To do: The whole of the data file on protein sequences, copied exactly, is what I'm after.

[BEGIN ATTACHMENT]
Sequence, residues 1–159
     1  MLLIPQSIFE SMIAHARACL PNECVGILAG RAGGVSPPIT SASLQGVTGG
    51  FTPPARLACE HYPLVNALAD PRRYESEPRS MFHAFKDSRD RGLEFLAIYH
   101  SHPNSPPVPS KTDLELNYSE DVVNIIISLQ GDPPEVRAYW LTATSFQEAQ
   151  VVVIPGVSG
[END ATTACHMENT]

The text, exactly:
Sequence, residues 1–159
     1  MLLIPQSIFE SMIAHARACL PNECVGILAG RAGGVSPPIT SASLQGVTGG
    51  FTPPARLACE HYPLVNALAD PRRYESEPRS MFHAFKDSRD RGLEFLAIYH
   101  SHPNSPPVPS KTDLELNYSE DVVNIIISLQ GDPPEVRAYW LTATSFQEAQ
   151  VVVIPGVSG